Where's My Digital Sports Bar?

I took a trip to Seattle last weekend, arriving Friday evening as the locals were scurrying home to begin the Martin Luther King holiday weekend.

As I drove through downtown Seattle, I noticed the Seahawks banners and the "12th" man placards -- as well as the 12th man flag flying atop the Space Needle. Of course, every bar was decked out in Seahawk cheer. It reminded me what a powerful community driver sports can be -- at least offline.

But what about online? Why, after all these years and the recent onslaught of social digital media, have we no killer app to point to as the lightning rod that brings fans together online with sports as the catalyst?

Like most mysteries, this one has two schools of thought: one that says it's only a matter of time before the digital version of the sports bar appears for fans, and the other that argues sports community can't be recreated through online tools.

Allow me to argue both sides.

The Web will create the virtual, 24/7 sports bar, and mobile devices will be the driver. An ultimate online experience will emerge that brings me all the content about my team, the ability to connect with fellow fans via check-ins around live events -- whether they be personal friends or not -- and share my fandom through Facebook, Twitter and any other social sites that matter.

It won't be enough for me to follow my team through the Web, I will need to find my fellow fans in our own stadium section on the Internet. And advertisers will come along for the ride, sponsoring my tweets and Foursquare check-ins touting that I am watching the Giants game from my couch or local tavern.

So where is this fan utopia today? For years, sports has been held up as the perfect content vertical around which to create engaged online social communities. From the early days of chat rooms that emulated sports talk radio (without the emotion) to the stampede of team-based Facebook apps that all fail to grab my long-term loyalty, for some reason the sports fan doesn't find the Web a suitable replacement for the in-stadium or barstool high-five.

Maybe there's a consumer behavior dynamic at play here. Could there be something unique to the "vibe of the crowd" that physical proximity to other fans brings out that is impossible to replicate via a Web experience? There's also the dynamic that my teams only play at most a few hours of live game action a week, such that the majority of my daily sports consumption will be me trolling solo for bits of wisdom that help me win my fantasy league or look smart in the office -- as opposed to jumping into real-time fan experiences around games.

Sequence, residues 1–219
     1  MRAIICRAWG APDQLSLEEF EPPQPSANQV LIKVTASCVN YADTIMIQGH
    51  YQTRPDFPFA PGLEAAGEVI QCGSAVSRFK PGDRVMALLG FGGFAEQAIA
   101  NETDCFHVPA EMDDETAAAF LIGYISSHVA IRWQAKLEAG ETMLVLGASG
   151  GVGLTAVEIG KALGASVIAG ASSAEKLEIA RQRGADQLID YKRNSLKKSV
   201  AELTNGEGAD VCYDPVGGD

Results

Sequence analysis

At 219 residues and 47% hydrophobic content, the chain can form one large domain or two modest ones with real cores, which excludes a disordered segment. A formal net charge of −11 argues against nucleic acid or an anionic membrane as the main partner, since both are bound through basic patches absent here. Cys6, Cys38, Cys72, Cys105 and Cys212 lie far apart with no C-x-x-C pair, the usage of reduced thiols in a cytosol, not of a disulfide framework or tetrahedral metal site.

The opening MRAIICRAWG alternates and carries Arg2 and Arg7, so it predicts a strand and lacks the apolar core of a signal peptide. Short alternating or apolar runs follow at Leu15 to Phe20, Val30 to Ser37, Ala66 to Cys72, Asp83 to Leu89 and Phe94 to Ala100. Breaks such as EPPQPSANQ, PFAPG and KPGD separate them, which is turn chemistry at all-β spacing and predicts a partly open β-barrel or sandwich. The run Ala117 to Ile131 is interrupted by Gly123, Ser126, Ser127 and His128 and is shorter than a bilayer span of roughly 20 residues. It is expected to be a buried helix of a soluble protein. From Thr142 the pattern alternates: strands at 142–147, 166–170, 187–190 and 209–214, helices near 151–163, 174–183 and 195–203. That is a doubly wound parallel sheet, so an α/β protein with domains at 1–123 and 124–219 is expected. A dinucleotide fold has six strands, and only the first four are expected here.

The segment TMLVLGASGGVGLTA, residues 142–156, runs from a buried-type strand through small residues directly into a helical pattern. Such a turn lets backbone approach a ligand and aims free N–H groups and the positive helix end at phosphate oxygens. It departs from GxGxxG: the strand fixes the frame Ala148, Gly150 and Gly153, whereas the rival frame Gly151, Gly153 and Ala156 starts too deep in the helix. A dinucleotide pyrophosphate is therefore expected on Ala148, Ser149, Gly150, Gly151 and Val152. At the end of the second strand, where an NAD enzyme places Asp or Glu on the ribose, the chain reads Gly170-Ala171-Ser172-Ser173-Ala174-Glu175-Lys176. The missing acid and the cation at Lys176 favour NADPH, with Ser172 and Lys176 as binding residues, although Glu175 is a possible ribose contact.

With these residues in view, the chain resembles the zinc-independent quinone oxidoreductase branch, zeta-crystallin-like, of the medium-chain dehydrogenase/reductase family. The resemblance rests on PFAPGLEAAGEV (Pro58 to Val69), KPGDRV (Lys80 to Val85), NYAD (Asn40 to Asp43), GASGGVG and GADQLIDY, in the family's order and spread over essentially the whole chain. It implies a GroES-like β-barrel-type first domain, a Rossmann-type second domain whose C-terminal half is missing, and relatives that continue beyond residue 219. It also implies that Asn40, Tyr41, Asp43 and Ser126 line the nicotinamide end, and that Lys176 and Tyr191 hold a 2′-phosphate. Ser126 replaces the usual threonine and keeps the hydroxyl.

I'm not ready to give up on the virtual sports bar idea -- heck, there are just too many digitally savvy sports fans out there. But to crack the code we'll need to dig deeper than chat rooms and check-ins. We'll have to give fans a true online venue where they can get everything they need about their teams, interact with fans they get to know over time, and perhaps a destination that feels a bit like a place where you could imagine a little beer getting splashed on them as they peck away on their smartphones.

4 comments about "Where's My Digital Sports Bar? ".
Check to receive email when comments are posted.
  1. Howie Goldfarb from Blue Star Strategic Marketing, January 18, 2011 at 12:44 p.m.

    Isn't this Twitter? #seahawks #packers etc?

  2. Darren Lachtman from rEvolution, January 18, 2011 at 12:55 p.m.

    FanIQ has an app called "Sports Bar" which lives both on their website and on mobile that is exactly a digital sports bar...the next phase should be combining the virtual check ins with actual check ins to receive on premise deals, discounts, etc.

  3. Gail Sideman from PUBLISIDE, January 18, 2011 at 12:56 p.m.

    If you're looking for a specific team hangout online, you'll find everything you want and more for Portland Trailblazer fans on their website. It think you'll see other teams following suit.

  4. Dan Vaughan from Competitor Group, Inc., January 18, 2011 at 9:28 p.m.

    From a branding/sports team perspective, i totally get it. The Atlanta Thrashers have a very nice site and mobile app.

    From a consumer perspective, there's really no such thing as a digital sports bar until my iPhone can pour Beer through its earpiece. I don't want to interact w/ fans i don't know other than the cursory high five because i'm stuck next to you at the stadium. I want a beer, my buddies and my 'high fives' all in one of two places: My "man cave" or my team's preferred sports bar. Checking in from section 310, row k, seat 1 does me what... introduce me to the guy next to me for one game? I can do that without an app.

Next story loading loading..